Oregon State Bar Bulletin JANUARY 2015
Managing Your Practice
What to Do About Spam:
Some Easy Steps
By Dee Crocker
Spam is generally defined as an unsolicited email, usually sent to many people at one time. Unsolicited email, or spam, is now a serious threat to everyone’s use of the Internet. Internet service providers are strongly opposed to it; it clogs their systems and angers recipients. Spam is frequently offensive and can be illegal when it involves pyramid marketing or rumor spreading. Unsolicited commercial email is just irritating.
Spammers “harvest” email addresses by stripping email return addresses out of something you posted somewhere. Your email address is then “sold” by others as a valuable commodity. You can add to your own problem simply by responding to spam. When you respond, the spammer confirms a valid address. Now your name can now be sold to other spammers, and thus it begins.
First, never respond to spam. Your message will most likely be bounced and no one will ever read it or respond to it.
Also, never respond to the spammer’s instruction to reply with the word “remove” or “unsubscribe” in the email’s subject line. This is primarily a trick to get you to verify your address. If you reply, your address is now guaranteed to get a lot more spam.
Then, it’s really necessary to take some affirmative steps to filter or block spam. See http://spam-filter-review.toptenreviews.com for the latest software recommended for this purpose.
Use an auto-responder function with caution. If you are using an auto-reply message, either through an Out of Office Assistant or some type of rule, this reply validates you as a live hit.
It’s always good to identify spam before it’s ever opened in the first place. For one thing, it saves time. Things to look for:
• Be wary of messages that state or imply that you have already shown an interest in their product of service. Anything that starts with “As you Requested,” or “Re: the quote you asked for,” for example, should be suspect.
• Be wary of messages that make it appear that your name or address have accompanied the materials elsewhere. For example, if you see that your name is included in a long list of recipients, none of whom you recognize, that’s a red flag noting something is amiss.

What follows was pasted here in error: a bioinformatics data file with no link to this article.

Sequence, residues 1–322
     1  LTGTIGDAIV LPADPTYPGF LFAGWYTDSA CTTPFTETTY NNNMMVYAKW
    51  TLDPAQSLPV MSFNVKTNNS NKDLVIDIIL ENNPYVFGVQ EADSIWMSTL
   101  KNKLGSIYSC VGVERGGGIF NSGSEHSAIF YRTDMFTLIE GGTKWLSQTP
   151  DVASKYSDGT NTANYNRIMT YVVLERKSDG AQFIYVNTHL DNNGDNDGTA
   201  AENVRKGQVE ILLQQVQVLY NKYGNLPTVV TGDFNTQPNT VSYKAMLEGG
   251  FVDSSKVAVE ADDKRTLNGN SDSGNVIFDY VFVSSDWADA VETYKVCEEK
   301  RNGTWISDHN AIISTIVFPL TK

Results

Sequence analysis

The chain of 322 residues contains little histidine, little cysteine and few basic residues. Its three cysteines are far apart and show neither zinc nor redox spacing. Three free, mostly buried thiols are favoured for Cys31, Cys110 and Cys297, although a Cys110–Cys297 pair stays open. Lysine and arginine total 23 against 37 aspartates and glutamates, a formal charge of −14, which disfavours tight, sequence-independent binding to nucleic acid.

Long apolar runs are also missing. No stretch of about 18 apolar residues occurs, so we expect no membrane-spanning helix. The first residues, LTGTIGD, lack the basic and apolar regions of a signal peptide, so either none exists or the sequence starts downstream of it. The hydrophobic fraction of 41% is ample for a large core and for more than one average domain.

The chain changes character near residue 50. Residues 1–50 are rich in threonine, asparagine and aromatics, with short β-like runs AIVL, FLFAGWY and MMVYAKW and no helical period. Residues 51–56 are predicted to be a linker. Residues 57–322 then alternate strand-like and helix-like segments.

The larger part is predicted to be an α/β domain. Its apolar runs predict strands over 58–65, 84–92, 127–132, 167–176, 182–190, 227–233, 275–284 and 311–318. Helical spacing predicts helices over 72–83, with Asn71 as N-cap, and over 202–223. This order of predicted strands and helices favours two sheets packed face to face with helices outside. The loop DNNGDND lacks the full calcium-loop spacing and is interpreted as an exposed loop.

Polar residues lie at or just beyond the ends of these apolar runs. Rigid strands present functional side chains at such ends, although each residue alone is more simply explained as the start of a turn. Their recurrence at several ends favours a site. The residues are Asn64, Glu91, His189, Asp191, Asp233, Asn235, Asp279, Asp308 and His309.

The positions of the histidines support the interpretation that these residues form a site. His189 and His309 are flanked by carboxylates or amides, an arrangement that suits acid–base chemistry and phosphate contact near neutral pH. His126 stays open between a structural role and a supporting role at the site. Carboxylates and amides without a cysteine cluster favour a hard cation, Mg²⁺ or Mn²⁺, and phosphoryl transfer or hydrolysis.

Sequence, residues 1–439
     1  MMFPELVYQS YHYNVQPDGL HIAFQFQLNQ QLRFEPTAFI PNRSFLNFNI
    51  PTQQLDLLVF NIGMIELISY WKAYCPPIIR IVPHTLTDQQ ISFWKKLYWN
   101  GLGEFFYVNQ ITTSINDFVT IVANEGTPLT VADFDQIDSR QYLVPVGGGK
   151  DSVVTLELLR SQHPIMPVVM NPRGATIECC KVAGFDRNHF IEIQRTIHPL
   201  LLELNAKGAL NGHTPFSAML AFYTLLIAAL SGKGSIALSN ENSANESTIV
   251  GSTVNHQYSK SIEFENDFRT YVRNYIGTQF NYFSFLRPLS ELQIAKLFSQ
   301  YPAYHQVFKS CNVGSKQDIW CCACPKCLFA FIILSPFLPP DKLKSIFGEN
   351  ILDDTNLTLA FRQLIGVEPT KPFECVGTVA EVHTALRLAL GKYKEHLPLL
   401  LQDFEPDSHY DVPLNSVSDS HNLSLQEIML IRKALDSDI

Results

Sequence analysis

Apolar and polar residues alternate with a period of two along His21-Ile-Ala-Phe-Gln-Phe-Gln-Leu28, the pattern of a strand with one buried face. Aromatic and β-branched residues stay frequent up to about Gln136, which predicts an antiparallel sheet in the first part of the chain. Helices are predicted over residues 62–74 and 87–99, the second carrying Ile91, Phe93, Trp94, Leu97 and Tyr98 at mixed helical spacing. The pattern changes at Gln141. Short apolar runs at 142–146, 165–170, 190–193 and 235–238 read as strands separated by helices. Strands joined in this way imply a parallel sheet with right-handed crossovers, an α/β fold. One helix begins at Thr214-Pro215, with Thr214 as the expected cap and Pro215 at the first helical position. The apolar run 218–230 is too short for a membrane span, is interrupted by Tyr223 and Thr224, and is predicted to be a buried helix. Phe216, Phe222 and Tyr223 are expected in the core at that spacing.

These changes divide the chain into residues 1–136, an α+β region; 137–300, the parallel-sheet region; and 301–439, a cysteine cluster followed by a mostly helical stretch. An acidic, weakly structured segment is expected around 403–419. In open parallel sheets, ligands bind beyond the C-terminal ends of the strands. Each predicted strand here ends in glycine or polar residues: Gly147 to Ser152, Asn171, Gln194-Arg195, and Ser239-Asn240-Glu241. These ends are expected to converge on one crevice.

• Be wary of messages that claim to come from “a friend” or other questionable context.
• Some are so obvious you know just from the host name or subject line. Examples would be email@example.com, or firstname.lastname@example.org, along withanything having to do with cheap Rolex watches, little blue pills, enlarging body parts, etc.
• If either the From or Subject line of an email raises any level of suspicion, it’s probably spam. Just hit the delete button — it’s crude but effective.
Avoid Receiving Spam
Use filters for subject or content words. Have your system filter words such as: free, loan, debt, resort, work from home, wealth, viagra, making money, secrets, snoring, investments, etc. If, despite your subject filters, you still receive spam, look in the content for a commonly used word in the email and add it to your delete filter rules. Caveat: Spammers know all about filters and try to get around them by using misspelled words. Instead of sex they will use seXXX, or instead of free, it may be freeMoney.
A word of caution: It is possible someone legitimately attempting to correspond with you may use a common word from your filter list. So be cautious in the words being placed in the filter, or you will have desirable email rejected. Especially at the beginning, it’s a good idea to check in with the spam filter program periodically to make sure that it didn’t correctly catch 927 pieces of spam but also two important messages you’ve been waiting to receive. Some spam filter programs allow you to “green light” specific email addresses. Once a legitimate correspondent has been snagged in your filter, that’s the time to tell the program to always allow email from that email address.
Use two email addresses — one for communicating with friends and family, and one for such various Internet activities as online shopping or chat groups or social networking sites.